1 Óbuda University (HUNGARY)
2 Pallas Athene Domus Animae Foundation (HUNGARY)
3 University of Strathclyde Business School (UNITED KINGDOM)
About this paper:
Appears in: EDULEARN15 Proceedings
Publication year: 2015
Pages: 2769-2776
ISBN: 978-84-606-8243-1
ISSN: 2340-1117
Conference name: 7th International Conference on Education and New Learning Technologies
Dates: 6-8 July, 2015
Location: Barcelona, Spain
In our current curriculum design project we are building on a many-years’ experience designing curricula and starting new degree courses. We are particularly building on the methodological approach developed over the years, that can be summarised in the following five cornerstone concepts: the overall curriculum design process is ‘quasi-algorithmic’, the individual steps within the process are ‘quasi-heuristic’, the desired learning process is ‘quasi-incremental’, the outcome of this learning process is a ‘quasi-abductive’ big picture, and it is ‘quasi-validated’ in the context of a single problem area. Similarly to most of our recent endeavours, this professional doctoral school will also be post-experiential. This time, however, we are working on a unique educational concept at doctoral level. We are pioneering a professional doctorate which concept is currently unknown in the context of the Hungarian higher education.

In terms of the wider picture, we tackle the problems of university education often discussed by Sir Ken Robinson. The significance of aiming at a professional doctorate is twofold.
(1) Our focus is relevant applied, more precisely applicable, knowledge which can solve real-world problems.
(2) We are aiming at the highest level of such relevant applicable knowledge.

Our playground is the World. The professionals we expect in our school should be (or become) able of transcending the global-local dichotomy as well as a variety of disciplinary gaps. We capture this aspect in the concept of transdisciplinary GLocal Community. The local real-world problems provide the topics around which research is organised according to the interest of the individual learners, global experience is used in meaningful ways, and transdisciplinary creative problem solving is used for arriving at solutions. By the meaningful way of utilising global experience we mean that instead of trying to replicate excellent solutions (e.g. Silicon Valley) these are used as sources of learning, based on which something different is developed in the local context. Transdisciplinarity here means that practitioners from various knowledge domains work together synthesising components (conceptions, tools, solutions, worldviews, etc.) from the various disciplines in novel ways, creating solutions that have not existed before.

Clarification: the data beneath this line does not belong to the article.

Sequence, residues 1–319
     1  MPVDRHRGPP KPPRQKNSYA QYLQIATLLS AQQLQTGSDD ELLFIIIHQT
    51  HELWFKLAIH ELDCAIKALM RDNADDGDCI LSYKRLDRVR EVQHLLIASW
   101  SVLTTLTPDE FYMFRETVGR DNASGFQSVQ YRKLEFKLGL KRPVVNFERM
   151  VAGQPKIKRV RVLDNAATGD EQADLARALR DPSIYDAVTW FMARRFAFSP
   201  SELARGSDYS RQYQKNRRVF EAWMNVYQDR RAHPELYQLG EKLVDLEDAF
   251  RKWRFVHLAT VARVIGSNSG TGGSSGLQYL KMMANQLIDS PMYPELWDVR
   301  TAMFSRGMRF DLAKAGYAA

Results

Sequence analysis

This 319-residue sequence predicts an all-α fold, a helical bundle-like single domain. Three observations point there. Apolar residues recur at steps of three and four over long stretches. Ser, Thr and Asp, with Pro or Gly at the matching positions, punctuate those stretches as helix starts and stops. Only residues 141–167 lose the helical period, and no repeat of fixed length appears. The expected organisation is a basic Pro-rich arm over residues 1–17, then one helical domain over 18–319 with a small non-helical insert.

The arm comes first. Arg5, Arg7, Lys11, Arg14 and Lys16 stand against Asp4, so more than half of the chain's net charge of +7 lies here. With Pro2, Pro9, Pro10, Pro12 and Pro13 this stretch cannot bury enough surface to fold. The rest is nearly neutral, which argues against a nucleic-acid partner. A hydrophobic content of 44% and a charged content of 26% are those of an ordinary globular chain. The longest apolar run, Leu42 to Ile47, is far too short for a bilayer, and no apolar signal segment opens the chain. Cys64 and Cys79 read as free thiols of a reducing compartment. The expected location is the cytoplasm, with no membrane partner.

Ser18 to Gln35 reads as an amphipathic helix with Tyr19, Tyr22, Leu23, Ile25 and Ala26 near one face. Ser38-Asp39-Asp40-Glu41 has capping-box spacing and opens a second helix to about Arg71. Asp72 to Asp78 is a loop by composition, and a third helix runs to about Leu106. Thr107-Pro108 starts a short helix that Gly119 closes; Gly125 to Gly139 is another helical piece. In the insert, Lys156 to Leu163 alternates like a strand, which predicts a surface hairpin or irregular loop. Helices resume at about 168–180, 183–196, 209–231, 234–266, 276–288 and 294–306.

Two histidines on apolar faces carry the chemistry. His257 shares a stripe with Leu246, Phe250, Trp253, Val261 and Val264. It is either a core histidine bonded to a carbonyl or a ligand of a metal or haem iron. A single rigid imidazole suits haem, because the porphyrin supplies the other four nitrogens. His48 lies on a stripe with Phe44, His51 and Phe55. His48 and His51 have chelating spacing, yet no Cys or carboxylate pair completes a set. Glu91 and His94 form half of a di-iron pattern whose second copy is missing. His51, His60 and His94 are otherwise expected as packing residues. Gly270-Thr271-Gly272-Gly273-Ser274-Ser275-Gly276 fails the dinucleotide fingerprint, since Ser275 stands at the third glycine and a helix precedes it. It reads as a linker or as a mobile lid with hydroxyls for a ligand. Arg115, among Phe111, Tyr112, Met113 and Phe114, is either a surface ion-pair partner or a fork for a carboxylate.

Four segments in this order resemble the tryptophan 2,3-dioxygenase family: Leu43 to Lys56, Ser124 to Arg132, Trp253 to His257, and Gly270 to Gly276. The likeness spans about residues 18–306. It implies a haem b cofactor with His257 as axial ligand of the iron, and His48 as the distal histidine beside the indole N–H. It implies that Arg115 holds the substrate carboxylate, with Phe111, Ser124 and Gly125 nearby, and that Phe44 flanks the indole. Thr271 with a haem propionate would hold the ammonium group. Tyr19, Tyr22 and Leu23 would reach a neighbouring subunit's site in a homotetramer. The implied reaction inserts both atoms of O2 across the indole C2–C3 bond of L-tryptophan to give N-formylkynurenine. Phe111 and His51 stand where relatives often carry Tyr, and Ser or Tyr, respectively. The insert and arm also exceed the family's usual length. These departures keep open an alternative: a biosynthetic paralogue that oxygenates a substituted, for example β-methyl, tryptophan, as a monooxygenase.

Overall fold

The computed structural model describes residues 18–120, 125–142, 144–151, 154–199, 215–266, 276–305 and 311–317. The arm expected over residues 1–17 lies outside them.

The research area is broadly defined by the Investor as society with particular emphasis on the economic aspect. The Investor provided us with a concept cloud, containing a few hundred concepts that describe characteristics of our ‘graduates’. We used our approach of the five cornerstone concepts to distil an order set of concepts from the cloud, and based on this we design the curriculum using what we can call a quasi-Gestalt approach, bringing some concepts to the foreground, these are the focal concepts, the rest is in the background, but these background concepts may become focal through the individual students’ research activity. This means that we suggest an open-ended structure. At the core we offer two perspectives, namely complexity and morality, which are provided in 16 ‘meetings of minds’. For this we invite world-known experts from wide-ranging disciplines (supporting transdisciplinarity), e.g. physics and biology for complexity and e.g. philosophy and human ecology for morality. Beyond this the curriculum is constructed by the learners through their collaborative transdisciplinary research.
Professional doctorate, curriculum design, transdisciplinary learning, problem-based learning.